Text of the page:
By Stephanie Nebehay
GENEVA (Reuters) -More than 100 diplomats from some 40 Western countries and allies including Japan walked out of a speech by Russian Foreign Minister Sergei Lavrov to the top U.N. human rights forum on Tuesday in protest over Russia’s invasion of Ukraine.
The boycott by envoys from the European Union, the United States, Britain and others left only a few diplomats in the room including Russia’s ambassador to the U.N. in Geneva, Gennady Gatilov, who is a former deputy to Lavrov. Envoys from Syria, China and Venezuela were among delegations that stayed.
Lavrov was addressing the U.N. Human Rights Council remotely, after cancelling his visit due to what the Russian mission said on Monday were EU states blocking his flight path.
Neutral Switzerland also imposed financial sanctions on Lavrov on Monday, a measure of the international revulsion over an invasion Russia describes as a “special military operation” aimed at dislodging “neo-Nazis” ruling Ukraine.
In his speech, Lavrov accused the EU of engaging in a “Russophobic frenzy” by supplying lethal weapons to Ukraine during Moscow’s military campaign that began last Thursday.
A Russian armoured column bore down on Ukraine’s capital Kyiv on Tuesday and invasion forces fired rocket barrages into the centre of Kharkiv, the country’s second largest city, on the sixth day of Russia’s assault on its neighbour.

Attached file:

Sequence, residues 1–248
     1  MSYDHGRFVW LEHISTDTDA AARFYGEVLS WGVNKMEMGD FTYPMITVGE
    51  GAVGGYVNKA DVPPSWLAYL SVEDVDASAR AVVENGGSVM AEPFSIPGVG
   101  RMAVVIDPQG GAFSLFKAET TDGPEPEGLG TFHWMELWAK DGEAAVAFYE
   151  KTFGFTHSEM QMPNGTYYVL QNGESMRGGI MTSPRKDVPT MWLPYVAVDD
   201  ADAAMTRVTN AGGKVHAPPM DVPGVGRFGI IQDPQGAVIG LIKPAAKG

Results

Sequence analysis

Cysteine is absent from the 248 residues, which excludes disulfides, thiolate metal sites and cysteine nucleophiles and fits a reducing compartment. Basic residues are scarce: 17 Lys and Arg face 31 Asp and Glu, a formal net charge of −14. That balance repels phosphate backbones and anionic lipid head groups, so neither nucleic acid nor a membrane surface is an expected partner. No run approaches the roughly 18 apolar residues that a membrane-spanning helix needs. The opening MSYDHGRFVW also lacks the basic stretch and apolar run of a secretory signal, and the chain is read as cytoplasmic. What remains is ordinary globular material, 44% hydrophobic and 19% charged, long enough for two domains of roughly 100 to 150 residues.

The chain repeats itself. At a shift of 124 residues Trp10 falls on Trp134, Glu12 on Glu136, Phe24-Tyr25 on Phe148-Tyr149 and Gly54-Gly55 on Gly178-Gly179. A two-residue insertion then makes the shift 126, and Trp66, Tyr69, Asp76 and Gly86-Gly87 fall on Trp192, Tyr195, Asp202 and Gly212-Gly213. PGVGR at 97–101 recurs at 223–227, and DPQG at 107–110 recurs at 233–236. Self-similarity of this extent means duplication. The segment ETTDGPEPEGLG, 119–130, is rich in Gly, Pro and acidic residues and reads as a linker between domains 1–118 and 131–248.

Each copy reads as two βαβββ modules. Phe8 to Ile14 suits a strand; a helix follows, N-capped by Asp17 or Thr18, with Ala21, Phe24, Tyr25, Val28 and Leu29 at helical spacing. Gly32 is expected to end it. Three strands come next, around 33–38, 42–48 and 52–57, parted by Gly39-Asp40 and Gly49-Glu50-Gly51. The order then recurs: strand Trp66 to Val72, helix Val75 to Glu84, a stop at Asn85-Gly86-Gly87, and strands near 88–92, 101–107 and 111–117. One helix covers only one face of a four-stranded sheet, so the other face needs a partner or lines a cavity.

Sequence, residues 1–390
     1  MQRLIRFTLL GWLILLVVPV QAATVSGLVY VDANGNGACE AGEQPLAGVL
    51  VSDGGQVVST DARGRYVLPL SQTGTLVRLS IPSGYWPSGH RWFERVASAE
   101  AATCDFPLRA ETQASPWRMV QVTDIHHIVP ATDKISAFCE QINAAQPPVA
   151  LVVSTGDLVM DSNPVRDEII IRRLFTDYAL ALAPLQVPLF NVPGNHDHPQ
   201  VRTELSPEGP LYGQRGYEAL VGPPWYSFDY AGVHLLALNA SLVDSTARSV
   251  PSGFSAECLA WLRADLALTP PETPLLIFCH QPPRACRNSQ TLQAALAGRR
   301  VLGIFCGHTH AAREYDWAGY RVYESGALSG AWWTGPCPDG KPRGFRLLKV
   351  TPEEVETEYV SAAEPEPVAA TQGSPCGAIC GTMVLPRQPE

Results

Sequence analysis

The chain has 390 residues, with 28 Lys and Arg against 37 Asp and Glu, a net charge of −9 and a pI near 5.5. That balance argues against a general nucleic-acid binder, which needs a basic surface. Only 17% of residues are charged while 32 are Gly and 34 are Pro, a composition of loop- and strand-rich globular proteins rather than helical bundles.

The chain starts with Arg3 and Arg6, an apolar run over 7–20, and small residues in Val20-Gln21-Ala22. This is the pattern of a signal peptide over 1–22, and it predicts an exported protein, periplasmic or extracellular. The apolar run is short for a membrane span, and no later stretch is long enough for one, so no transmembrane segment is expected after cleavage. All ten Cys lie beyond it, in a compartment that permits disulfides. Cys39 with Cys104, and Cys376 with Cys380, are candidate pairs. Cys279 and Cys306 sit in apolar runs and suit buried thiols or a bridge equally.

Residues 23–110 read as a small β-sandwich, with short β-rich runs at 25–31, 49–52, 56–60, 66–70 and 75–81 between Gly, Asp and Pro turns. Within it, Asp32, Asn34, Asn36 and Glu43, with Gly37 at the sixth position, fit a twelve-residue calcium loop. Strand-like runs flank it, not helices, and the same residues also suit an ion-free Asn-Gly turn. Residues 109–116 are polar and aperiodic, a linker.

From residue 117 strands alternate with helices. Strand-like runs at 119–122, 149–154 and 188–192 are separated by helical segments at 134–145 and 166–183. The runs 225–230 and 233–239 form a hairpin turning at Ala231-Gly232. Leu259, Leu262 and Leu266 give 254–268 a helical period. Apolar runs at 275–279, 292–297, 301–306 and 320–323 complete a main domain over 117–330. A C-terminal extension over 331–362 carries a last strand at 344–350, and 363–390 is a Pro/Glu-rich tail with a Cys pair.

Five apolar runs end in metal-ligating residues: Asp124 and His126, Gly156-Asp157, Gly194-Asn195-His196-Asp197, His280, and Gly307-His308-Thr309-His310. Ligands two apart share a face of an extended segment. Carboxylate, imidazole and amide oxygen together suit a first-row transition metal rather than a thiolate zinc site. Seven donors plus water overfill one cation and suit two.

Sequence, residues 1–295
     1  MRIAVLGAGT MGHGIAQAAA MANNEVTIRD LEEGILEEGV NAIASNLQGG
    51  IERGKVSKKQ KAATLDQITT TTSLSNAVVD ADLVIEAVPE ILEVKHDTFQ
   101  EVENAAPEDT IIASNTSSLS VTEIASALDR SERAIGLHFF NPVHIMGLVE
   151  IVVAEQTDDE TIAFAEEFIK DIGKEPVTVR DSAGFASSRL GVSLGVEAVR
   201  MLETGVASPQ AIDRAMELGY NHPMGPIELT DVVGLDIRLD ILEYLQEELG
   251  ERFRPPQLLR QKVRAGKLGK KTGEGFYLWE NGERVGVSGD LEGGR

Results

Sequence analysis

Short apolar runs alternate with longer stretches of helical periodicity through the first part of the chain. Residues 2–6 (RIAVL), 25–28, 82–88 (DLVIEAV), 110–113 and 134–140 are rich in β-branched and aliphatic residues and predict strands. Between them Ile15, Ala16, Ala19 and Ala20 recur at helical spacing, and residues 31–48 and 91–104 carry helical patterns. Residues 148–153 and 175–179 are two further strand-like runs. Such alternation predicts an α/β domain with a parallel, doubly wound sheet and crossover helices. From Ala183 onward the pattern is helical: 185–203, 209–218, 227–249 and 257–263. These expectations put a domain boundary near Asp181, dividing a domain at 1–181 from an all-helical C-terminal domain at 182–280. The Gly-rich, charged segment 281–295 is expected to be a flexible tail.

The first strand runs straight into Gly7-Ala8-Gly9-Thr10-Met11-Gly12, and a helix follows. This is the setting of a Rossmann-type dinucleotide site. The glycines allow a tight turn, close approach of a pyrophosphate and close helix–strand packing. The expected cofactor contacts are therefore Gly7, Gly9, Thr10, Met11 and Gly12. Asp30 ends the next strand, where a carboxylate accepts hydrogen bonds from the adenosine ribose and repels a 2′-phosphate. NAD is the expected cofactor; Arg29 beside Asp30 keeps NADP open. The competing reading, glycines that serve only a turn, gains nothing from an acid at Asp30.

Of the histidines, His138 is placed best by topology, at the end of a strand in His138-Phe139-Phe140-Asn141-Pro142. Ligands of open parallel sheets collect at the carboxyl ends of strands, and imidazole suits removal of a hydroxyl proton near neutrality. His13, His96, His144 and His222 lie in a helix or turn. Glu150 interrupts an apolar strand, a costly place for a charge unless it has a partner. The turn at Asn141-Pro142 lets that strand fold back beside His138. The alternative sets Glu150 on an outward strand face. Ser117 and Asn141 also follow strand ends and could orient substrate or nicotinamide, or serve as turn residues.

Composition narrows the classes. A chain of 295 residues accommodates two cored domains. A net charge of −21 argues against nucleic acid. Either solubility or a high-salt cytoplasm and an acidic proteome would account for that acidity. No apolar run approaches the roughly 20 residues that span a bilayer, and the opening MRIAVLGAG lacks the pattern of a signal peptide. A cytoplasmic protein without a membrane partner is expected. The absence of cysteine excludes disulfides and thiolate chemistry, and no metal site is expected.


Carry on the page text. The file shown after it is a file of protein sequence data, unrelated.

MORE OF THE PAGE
‘SHOW OF SUPPORT’
Among the diplomats who walked out, Canadian Foreign Minister Melanie Joly and Danish Foreign Minister Jeppe Kofod joined Ukraine’s ambassador Yevheniia Filipenko behind a large Ukrainian blue and yellow flag.
“It is a remarkable show of support for Ukrainians who are fighting for their independence,” Filipenko told reporters.
Filipenko said there had been “massive destruction to civilian infrastructure” in Kharkiv, adding: “The maternity wards are being attacked, civilian residential buildings are being bombed.”
Russia denies targeting any civilian sites.
Canada’s Joly said: “Minister Lavrov was giving his version, which is false, about what is happening in Ukraine and so that’s why we wanted to show a very strong stance together.”
Later on Tuesday Canada will petition the International Criminal Court over what Joly said were Russia’s “crimes against humanity and war crimes”. [L8N2V44MO]
She was referring to the Hague-based court where the office of the ICC prosecutor on Monday said it would seek court approval to open an investigation into alleged war crimes in Ukraine.
The U.S. envoy to the Human Rights Council, Michele Taylor, said in a statement: “This Russian war of aggression will have profound implications for human rights in Ukraine and Russia, and the leaders of Russia will be held accountable.”
(Additional reporting by Gabrielle Tetrault-Farber in Moscow; writing by Stephanie Nebehay; editing by Emma Farge and Gareth Jones)